This post is part of our ongoing “SMASH Reflections” series, authored by our inaugural class of Fellows.
by Shaena Montanari
With an event like SMASH, gathering science media professionals and scientists from around the world, it can be difficult to distill the incredibly action-packed week into take-home lessons—but I’m going to give it a try. As a Fellow of the conference, I had the opportunity to attend every session and talk to a diverse array of people. Through my lens as a scientist who is driven by a need to communicate, here are my three take-home messages from SMASH:
Science communication is important and can drive change
Despite questions in policy, the popular press, and even among scientists themselves around the utility of science communication, a major takeaway of this summit was that almost everyone working at the intersection of science and media agrees that science communication is important. At the end of the day, documentary filmmakers, podcasters, TV producers, journalists, thinkers, and scientists are all striving towards getting science out to every segment of the population they possibly can in extremely diverse ways. There is a wide world of media out there seeking to engage the public on different platforms.
For me as a scientist, it is invaluable to learn how those in different forms of media view science and how to communicate it. From documentaries to podcasts, I realized there is a place and a need for experts to communicate their research with clarity and disseminate their messages. As a scientist, sometimes it seems difficult to connect with the public, but scores of experienced communication professionals are excited and energized by those of us who want to share our messages with the public—we just need to connect with them.
Above all, SMASH brought home to me how important science communication is for advocacy and promoting curiosity in society. We heard from Dan Kahan from Yale University, whose research on science communication shows that scientific curiosity is intimately tied to the public’s understanding of often “controversial” topics like climate change and evolution. If we scientists can connect with the media to broadcast our message, perhaps we can increase scientific curiosity and change the world in a positive way.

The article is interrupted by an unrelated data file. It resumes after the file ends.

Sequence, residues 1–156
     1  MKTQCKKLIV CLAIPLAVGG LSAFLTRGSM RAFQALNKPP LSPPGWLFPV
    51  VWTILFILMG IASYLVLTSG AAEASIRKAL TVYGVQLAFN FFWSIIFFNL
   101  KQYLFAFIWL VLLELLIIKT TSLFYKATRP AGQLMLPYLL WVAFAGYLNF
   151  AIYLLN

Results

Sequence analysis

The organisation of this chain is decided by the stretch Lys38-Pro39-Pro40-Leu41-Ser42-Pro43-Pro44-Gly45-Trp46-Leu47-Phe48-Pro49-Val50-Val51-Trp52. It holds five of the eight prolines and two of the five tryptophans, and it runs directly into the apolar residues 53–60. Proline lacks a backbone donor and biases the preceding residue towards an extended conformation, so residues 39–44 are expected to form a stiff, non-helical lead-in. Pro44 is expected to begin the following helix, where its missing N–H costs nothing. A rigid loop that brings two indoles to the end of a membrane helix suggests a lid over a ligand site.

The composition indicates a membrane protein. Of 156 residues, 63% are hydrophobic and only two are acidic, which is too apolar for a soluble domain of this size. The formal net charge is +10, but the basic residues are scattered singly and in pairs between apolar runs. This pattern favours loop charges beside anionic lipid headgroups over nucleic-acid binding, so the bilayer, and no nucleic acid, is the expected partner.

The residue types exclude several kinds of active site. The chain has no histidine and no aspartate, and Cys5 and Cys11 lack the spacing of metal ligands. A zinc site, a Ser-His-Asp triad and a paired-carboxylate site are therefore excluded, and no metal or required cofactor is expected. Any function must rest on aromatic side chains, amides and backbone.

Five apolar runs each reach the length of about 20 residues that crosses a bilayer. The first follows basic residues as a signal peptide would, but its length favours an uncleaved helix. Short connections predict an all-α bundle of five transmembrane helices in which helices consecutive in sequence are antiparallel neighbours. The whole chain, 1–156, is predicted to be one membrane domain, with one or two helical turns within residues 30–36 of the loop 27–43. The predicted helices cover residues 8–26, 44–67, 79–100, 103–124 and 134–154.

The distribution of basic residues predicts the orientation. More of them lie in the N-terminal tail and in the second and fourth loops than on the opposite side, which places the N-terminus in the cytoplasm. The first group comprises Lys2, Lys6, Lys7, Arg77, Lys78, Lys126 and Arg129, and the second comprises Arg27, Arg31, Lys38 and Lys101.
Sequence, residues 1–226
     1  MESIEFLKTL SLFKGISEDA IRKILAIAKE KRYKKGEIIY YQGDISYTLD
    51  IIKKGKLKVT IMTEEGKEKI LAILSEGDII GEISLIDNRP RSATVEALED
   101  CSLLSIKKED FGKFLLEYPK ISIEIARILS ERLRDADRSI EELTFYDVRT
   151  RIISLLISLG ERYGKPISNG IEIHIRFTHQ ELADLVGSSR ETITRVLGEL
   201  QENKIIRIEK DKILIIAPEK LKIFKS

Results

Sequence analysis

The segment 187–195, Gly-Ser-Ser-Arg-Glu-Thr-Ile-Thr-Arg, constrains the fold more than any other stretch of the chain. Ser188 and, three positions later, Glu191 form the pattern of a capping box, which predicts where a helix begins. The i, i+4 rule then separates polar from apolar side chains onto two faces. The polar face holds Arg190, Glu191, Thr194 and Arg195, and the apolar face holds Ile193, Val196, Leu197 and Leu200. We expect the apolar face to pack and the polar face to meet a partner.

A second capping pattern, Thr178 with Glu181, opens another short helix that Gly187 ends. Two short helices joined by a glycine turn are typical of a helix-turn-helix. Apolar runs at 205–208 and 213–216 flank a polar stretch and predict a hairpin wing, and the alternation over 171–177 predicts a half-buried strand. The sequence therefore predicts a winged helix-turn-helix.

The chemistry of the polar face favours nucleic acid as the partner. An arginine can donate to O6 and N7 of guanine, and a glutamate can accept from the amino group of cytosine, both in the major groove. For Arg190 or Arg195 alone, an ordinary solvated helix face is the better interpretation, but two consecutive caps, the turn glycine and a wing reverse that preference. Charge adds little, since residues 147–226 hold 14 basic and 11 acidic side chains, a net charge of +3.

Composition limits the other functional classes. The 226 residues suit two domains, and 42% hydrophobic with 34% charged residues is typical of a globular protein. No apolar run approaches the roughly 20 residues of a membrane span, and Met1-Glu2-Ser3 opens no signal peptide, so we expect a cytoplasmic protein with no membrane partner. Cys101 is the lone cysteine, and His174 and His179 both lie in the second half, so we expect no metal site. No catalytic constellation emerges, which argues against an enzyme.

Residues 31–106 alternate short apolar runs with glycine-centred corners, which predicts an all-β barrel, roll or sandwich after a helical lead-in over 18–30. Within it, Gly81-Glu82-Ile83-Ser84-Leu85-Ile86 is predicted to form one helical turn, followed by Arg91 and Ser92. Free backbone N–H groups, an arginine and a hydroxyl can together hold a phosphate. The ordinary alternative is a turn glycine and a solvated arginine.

The world of possibility of science communication is enormous
From the 30-second Facebook video to long-form documentary, there is no shortage of ways to share your science. While traditional forms such as the epic nature documentary will always have their place, new forms of media are taking over the world of science communication and reaching new sets of eyes on all parts of the Internet.
As a scientist of the younger generation that essentially grew up online, the “Beyond Clickbait” panel at SMASH resonated the most with me. It highlighted how the world of communication is changing in general, and how scientists can ride the wave in this world of viral videos and Internet celebrity. Hearing from creators of YouTube series like Anna Rothschild of “Gross Science” and Joe Hanson of “It’s Okay To Be Smart” really drove home how new media on YouTube and Snapchat is the delivery method of science for the Millennial generation of thinkers—and beyond. Erin Chapman at the American Museum of Natural History is creating the series “Shelf Life” and revolutionizing the way a nearly 150-year-old institution communicates science to the public, while promoting the work of researchers who may not have previously had a voice.